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One of the most common requests we get from WordPress developers is how to access post and page data outside “the loop”.

Retrieving the unique numerical Post ID outside the loop will open up access to a whole range of other options, so let’s look at how this is done.

Inside The Loop

Obtaining the post ID within the loop is as simple as calling the function the_ID().

This will print out (echo) the numerical ID number of the current post or page while cycling through the loop.

The Loop sets up a “context” for the post or page data which the function the_ID() expects.

Outside The Loop

Outside The Loop, the WordPress system has know idea what context it is in.

For example, you could be viewing a page, a single post, a list of all posts or a category list etc.

It’s up to you as a developer to create a new context or be aware of the context in which you are retrieving information from.

You can access the current post or page data by declaring the post data as a global variable:

global $post;

The current context has now been given access to the current post or page data.

You can then access the ID using a simple reference:

$post->ID

Example

Imagine you have a header image that is specified in header.php.  You want to display the image defined by a custom field on the current page or post if it exists.

Any code in the header.php will most likely be outside The Loop, so let’s show you how to retrieve the data from a custom field called “header-image”.

global $post;
$post_id = $post->ID;
$header_image = get_post_custom_values('header-image', $post_id);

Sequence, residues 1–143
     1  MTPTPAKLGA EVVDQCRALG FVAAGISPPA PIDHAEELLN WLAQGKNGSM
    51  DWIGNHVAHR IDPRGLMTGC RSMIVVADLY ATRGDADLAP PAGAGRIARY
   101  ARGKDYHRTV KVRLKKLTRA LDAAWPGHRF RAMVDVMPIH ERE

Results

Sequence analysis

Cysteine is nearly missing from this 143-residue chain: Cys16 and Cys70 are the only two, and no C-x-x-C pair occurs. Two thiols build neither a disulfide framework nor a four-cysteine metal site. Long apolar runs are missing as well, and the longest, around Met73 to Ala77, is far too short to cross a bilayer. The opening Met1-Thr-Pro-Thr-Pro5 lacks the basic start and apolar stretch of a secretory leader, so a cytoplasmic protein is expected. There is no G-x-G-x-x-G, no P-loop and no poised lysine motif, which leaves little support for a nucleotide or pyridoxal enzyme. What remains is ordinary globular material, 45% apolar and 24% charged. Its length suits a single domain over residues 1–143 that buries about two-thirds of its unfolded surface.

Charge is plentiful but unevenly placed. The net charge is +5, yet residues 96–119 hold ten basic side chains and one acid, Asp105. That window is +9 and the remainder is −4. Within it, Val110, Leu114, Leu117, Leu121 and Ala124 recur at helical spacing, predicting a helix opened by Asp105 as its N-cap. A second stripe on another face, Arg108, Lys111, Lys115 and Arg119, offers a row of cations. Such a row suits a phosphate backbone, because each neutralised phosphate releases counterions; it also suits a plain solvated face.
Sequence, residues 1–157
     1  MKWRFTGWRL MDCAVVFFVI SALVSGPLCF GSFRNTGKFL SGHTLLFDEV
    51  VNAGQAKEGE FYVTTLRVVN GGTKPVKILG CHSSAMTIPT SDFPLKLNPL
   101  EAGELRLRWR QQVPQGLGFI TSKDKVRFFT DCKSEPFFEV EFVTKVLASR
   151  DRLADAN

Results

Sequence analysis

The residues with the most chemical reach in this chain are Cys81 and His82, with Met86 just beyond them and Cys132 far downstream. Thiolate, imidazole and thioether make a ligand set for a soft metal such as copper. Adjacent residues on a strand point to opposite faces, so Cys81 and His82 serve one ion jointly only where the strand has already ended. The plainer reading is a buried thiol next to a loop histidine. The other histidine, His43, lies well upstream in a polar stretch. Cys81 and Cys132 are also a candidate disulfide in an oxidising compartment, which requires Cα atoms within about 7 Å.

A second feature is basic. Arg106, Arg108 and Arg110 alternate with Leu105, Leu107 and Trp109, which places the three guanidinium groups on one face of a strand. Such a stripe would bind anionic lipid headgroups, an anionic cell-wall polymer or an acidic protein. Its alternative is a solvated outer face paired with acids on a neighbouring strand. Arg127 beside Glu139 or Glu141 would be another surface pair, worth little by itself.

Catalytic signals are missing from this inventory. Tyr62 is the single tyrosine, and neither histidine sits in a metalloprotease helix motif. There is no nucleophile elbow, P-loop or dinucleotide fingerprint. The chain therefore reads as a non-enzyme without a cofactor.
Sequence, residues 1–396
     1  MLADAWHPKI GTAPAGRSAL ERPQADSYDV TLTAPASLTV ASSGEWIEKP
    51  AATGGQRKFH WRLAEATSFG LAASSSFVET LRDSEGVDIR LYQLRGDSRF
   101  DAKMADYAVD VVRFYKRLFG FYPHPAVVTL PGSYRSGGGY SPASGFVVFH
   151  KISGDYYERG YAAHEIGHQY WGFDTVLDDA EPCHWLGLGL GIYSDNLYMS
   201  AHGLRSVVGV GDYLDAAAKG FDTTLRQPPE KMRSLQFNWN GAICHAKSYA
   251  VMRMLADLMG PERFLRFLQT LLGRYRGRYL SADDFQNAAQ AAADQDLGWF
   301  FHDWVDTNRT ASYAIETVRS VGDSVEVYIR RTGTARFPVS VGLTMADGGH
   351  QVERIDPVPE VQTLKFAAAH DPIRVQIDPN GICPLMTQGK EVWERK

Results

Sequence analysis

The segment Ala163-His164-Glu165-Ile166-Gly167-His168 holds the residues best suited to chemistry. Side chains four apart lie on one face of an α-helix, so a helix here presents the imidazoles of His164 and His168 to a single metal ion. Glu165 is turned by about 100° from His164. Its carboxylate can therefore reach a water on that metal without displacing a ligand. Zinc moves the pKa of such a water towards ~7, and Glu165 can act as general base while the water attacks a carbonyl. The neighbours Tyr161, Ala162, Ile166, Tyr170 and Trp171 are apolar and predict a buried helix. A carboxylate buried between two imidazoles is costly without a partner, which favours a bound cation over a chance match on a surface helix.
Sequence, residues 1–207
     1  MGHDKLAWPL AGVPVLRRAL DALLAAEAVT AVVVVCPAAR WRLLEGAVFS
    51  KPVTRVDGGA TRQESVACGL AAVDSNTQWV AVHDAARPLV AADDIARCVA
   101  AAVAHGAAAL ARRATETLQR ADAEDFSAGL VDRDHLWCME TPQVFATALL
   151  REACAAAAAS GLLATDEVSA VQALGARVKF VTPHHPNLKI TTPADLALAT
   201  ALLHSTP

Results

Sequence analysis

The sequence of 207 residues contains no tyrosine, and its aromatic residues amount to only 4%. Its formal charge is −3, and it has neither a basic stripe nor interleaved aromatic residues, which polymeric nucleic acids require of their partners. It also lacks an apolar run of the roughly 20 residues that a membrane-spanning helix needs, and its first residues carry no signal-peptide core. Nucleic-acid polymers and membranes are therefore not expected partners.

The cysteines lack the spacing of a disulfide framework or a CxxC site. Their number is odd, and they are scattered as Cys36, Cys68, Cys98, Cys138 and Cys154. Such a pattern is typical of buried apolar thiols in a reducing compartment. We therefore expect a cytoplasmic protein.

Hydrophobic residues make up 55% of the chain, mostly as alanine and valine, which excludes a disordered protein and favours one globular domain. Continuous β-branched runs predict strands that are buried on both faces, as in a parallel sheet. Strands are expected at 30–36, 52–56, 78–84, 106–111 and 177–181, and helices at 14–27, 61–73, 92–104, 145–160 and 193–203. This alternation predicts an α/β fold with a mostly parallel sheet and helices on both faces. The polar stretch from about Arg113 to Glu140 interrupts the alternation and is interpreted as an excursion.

if (is_null($header_image)){
// no custom field found. Do something else
else {
// Display the image.
//Image path the 1st entry in the custom field array
echo '';
}
?>

Line 04 introduces the get_post_custom_values() function which retrieves a custom field by name.

If this code was popped into your header.php file, whenever a custom field called “header-image” was found an image would be displayed using the file path stored in the custom field.

You can choose what to do if nothing is found.

We use regularly use this format in WordPress client sites and when no image is found we hide the div that the header image is contained within.

Here’s the full example to demonstrate.


global $post;
$post_id = $post->ID;
$header_image = get_post_custom_values('header-image', $post_id);
if (is_null($header_image)){
// No custom field value - hide the div
echo '

';
} else {
// Display the image.
//Image path the 1st entry in the custom field array
echo '';
}
?>

Found this useful?

Check out our other WordPress Tips & Tricks.